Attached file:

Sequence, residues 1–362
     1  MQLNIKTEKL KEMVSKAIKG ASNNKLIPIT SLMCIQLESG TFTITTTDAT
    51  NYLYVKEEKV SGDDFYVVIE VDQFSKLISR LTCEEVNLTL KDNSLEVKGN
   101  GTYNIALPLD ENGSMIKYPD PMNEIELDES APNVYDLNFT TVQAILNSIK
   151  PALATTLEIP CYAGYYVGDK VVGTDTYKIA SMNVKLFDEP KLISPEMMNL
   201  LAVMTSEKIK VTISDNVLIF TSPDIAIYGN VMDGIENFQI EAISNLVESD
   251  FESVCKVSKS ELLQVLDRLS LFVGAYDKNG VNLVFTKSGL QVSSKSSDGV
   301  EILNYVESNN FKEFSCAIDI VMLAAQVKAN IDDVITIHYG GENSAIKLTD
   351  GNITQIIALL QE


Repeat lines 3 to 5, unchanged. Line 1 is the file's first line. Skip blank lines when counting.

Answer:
    51  NYLYVKEEKV SGDDFYVVIE VDQFSKLISR LTCEEVNLTL KDNSLEVKGN
   101  GTYNIALPLD ENGSMIKYPD PMNEIELDES APNVYDLNFT TVQAILNSIK
   151  PALATTLEIP CYAGYYVGDK VVGTDTYKIA SMNVKLFDEP KLISPEMMNL